This can be such a sticking point for small business owners, especially women, but if you get this right then both you and your customers will be happy, and your business will fly!
So how do you know what to charge? Well there are several different methods you could use to price your products or services…
Charging what you’re worth
This method can be controversial, but here’s the thing, it’s not about what you’re worth as a person. It’s not about your confidence, experience, effort or time. It’s about what you’re worth to the other person, your customer.
What value are you giving them? …Is it more time, more money, more freedom, more confidence, better health? What impact is that going to have on their life? If it’s going to allow them to make more money consider how much that might be.
Charging what they’ll pay
This is where your market research comes in. What are the average prices in the market? What are your competitors charging? How much can your ideal customer(s) afford to pay for this product/service? And what sort of income do they have?
Also, what did your customers/potential customers say they were willing to pay in any research you’ve done? (Important note: asking people what they’re willing to pay is just a guide, you don’t need to set your prices to match that, especially if it doesn’t feel right to you or wouldn’t make you any profit!)
Charging what feels right
It needs to be enough so that you have money to live off, and not so much that you feel like you’re ripping anyone off or overcharging them.
PS. There’s no point in ignoring your gut instinct if you use another method for pricing but deep inside you’re not happy with it. If it helps, write down the amount you feel comfortable charging – without over-thinking it, even if you don’t use it. Most business advisers (especially if they come from a banking/financial background) would never say to do this, they would advise you to follow the ‘more sensible’ method below. However, we’re telling you now that this is your business, and most probably you’re the one doing the selling too, so it needs to be a price that you are comfortable with.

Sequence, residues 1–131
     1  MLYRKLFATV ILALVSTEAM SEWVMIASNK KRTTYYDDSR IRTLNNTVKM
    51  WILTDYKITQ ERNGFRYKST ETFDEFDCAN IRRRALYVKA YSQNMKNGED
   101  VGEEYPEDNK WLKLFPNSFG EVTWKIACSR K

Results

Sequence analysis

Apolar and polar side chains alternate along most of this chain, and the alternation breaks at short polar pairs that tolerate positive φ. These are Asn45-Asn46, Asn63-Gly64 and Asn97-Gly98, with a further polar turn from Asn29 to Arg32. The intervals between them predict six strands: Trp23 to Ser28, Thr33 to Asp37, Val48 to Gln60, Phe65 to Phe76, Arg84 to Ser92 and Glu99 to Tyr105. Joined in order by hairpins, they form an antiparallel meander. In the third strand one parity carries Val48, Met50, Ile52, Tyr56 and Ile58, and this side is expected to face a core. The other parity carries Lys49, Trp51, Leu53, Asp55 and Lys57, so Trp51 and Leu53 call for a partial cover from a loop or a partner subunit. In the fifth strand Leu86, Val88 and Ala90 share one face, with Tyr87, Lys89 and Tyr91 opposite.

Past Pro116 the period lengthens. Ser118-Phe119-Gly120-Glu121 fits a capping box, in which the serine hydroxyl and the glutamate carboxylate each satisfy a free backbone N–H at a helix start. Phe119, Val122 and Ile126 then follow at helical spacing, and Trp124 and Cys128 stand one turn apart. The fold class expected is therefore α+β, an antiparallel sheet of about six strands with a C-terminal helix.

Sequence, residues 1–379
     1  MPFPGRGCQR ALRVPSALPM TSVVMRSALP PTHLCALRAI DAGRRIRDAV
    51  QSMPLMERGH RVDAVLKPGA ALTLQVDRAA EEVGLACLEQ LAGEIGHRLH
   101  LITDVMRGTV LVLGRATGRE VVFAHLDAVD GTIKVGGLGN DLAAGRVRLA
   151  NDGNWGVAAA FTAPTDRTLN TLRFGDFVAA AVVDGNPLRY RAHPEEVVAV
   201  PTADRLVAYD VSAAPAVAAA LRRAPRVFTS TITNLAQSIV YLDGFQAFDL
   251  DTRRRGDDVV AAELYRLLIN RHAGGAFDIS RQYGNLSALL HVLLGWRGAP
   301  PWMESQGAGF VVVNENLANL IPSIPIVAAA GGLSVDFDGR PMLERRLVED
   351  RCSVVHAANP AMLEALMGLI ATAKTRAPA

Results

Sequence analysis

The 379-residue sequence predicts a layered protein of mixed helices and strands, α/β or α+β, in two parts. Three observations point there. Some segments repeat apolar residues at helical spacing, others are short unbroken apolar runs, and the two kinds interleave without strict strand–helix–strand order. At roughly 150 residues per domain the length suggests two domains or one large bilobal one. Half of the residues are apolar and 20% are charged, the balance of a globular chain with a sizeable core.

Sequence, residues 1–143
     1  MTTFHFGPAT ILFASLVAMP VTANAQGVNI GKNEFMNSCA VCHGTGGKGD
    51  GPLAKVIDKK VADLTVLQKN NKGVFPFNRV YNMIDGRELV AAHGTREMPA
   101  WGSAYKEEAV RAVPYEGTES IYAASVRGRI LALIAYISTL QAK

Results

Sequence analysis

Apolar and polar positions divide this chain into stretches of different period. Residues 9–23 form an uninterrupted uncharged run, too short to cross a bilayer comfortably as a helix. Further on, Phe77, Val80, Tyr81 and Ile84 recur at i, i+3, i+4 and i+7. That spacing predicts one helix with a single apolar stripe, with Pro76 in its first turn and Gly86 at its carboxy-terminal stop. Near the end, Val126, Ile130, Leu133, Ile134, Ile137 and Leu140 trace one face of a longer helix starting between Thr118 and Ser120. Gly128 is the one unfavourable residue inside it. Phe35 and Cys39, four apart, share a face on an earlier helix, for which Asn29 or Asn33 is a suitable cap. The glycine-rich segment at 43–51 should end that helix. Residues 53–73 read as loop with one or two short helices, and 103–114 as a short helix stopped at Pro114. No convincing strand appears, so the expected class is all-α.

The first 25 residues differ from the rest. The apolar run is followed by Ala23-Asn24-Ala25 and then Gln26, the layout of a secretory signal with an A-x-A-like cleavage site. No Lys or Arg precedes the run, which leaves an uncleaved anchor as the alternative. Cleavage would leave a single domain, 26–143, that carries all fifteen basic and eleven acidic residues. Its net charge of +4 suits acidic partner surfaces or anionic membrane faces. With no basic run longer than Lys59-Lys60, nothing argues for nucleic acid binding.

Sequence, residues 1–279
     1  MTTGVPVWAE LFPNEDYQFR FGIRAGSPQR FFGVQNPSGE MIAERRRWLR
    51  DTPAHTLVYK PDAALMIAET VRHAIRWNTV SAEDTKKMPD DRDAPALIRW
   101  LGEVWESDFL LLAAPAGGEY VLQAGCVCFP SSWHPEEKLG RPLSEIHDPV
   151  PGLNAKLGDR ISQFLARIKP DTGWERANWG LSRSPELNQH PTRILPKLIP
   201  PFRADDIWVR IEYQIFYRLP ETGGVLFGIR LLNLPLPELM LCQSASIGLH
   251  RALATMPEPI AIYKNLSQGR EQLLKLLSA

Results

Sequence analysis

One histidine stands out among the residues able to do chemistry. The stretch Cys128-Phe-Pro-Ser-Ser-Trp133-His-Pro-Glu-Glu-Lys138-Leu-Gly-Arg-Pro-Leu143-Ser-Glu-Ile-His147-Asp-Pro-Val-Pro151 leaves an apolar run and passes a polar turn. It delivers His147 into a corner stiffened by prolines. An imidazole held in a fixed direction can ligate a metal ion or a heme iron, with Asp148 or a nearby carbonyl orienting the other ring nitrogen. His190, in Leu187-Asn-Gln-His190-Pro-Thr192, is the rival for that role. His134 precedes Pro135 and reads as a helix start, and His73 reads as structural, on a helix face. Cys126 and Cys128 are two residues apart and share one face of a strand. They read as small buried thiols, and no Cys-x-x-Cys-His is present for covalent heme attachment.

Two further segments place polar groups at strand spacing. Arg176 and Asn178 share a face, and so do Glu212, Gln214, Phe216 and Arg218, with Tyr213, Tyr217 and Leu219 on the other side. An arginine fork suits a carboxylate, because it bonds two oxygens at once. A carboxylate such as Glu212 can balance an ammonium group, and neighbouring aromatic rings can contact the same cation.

Charging to make a calculated profit
You can work out a pricing method based on the actual costs to make your product or service, plus a contribution towards ongoing costs to run the business (such as website & marketing costs, premises, equipment, general supplies), then factor in training costs and any other expenses such as travel.
Once you know how much money you need to make to cover these costs, you’ll be able to figure out how much money you need to make for the level of profit you want to achieve. Then you can play with the figures of how many of your product or service you’d need to sell at x price to cover all your costs.
Each month your running costs are £200 and you want to make £800 profit = £1000. It costs you £20 to make your product/deliver your service.
If you sell your product/service for £30 that gives you £10 extra over the cost of you producing/delivering it. To make the £1000 a month you need to cover your running costs and make the desired level of profit, you’d need to sell 100 of your product/service. But if you sold at £60 each, that would give you £40 extra and you’d only need to sell 25 of your product/service. At £220 each, you’d only need to sell 5.
You need to see what the most realistic price is for you to achieve, but you can play around with the figures until you find something that works.
Other pricing points to note…
Positioning & pricing
Whichever method you use to help you determine a good pricing point, you need to bear in mind your positioning and ensure that your pricing puts you in the right position in the market, and reflects the rest of your branding. Are you a Lidl or Waitrose, Primark or Debenhams, Ford or Ferrari?Pricing and positioning - are you a Lidl or Waitrose, Primark or Debenhams, Ford or Ferrari? Click To Tweet
Trial & error
Whichever way you work out the price, you’re not going to know if it works until you try. Sometimes you need to make a decision and run with it, get your products/services out there and see what happens.
The joy of being the boss means you can change the pricing structure at any time, or try something else you think might work better. It’s all about testing what works and what doesn’t!